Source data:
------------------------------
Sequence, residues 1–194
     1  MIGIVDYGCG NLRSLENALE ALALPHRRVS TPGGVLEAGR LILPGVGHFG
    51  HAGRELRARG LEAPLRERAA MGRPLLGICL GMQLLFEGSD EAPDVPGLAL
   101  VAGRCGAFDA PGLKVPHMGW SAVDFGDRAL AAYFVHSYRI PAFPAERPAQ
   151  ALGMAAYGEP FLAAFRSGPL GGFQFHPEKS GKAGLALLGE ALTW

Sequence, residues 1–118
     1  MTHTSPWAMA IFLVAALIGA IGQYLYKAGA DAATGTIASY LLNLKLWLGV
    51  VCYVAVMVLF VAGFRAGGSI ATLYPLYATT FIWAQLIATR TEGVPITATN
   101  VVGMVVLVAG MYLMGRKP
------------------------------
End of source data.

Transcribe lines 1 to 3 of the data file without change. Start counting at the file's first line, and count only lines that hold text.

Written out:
Sequence, residues 1–194
     1  MIGIVDYGCG NLRSLENALE ALALPHRRVS TPGGVLEAGR LILPGVGHFG
    51  HAGRELRARG LEAPLRERAA MGRPLLGICL GMQLLFEGSD EAPDVPGLAL